* Pressure can come for example from peers or from bad habits. If we have laid down a habit of blaspheming over a long period of time while the first times we blasphemed might have been mortal sins, now because of the habit, the sin though grave is not a mortal sin. However recourse to the sacrament of penance is the best course of action after committing blasphemy.

Thursday, 26 March 2015

No other option if we take the evidence seriously



Jesus scandalised the Pharisees by eating with tax collectors and sinners. He spoke against those who trusted in themselves that they were righteous, and said, “I have not come to call the righteous, but sinners to repentance.” Jesus scandalised them when He suggested that the mercy He showed to sinners was that of God’s own attitude to sinners; by sharing the table of sinners he was admitting them to the messianic banquet. Perhaps even more did He scandalise them by forgiving sins. Only God can forgive sins, so either Jesus was blaspheming or He was speaking the truth.

Only if Jesus is truly divine can He justify such claims that would otherwise be scandal and blasphemy. So all who listen to the Gospel must decide, is Jesus insane/wicked or is He divine – there is no other option if we take the evidence seriously.

Jesus’ divine identity was gradually revealed in what He said. When He said, “He who is not with me is against me”, this could only be taken seriously if Jesus was divine. Similarly when He said, “something greater than Jonah… greater than Solomon”, and something “greater than the Temple” was in Him. His reminder that David called his Messiah his Lord, was also revealing the Messiah as being divine. But then we come to the gospel of today (Jn 8:51-59) and Jesus then makes it quite plain: “Amen. Amen. I say unto you, before Abraham was, I AM.” “I AM” was the divine name revealed by God to Moses at the burning bush.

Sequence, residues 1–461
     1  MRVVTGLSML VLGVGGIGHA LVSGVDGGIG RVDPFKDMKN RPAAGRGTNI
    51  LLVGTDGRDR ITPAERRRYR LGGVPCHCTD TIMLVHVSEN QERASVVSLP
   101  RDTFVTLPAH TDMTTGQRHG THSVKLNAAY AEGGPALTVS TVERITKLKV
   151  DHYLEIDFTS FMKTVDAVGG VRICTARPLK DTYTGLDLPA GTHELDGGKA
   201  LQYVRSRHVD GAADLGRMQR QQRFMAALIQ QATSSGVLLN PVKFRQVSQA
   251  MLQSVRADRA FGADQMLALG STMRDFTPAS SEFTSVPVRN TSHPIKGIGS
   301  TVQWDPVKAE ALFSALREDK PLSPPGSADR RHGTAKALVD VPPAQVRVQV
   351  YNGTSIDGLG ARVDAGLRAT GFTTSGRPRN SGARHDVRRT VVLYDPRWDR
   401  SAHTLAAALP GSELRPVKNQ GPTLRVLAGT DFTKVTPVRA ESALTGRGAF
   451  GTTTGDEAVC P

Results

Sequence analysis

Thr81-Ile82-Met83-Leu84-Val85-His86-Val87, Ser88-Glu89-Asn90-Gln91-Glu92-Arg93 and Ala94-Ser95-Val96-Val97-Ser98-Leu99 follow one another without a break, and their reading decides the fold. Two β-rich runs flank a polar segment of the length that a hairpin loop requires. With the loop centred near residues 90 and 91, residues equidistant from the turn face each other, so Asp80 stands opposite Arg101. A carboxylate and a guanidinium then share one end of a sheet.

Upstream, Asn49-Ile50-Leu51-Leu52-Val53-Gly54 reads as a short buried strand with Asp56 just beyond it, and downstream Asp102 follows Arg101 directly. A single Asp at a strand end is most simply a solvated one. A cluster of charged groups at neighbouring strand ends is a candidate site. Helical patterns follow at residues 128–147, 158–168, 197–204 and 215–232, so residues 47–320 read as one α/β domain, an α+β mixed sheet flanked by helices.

Thus the Sanhedrin had to make a stark choice: was this man the Messiah God, or was Jesus a blasphemer deserving death? They made their choice and Jesus became the victim.

We too must make this choice. We make this choice when we accept the Christian faith as our faith. But we must also make this choice in the moral decisions of daily life. When we choose to sin, we choose to go against the way of Christ, and we thus make Him out to be a liar. Sin is an anti-Christ action, and in that sin we are identifying with the Sanhedrin who condemned Jesus. When we resist temptation, we affirm that Jesus is God the Saviour.


Fr Ian

Wednesday, 25 March 2015

The knot of Eve’s disobedience was untied by Mary’s obedience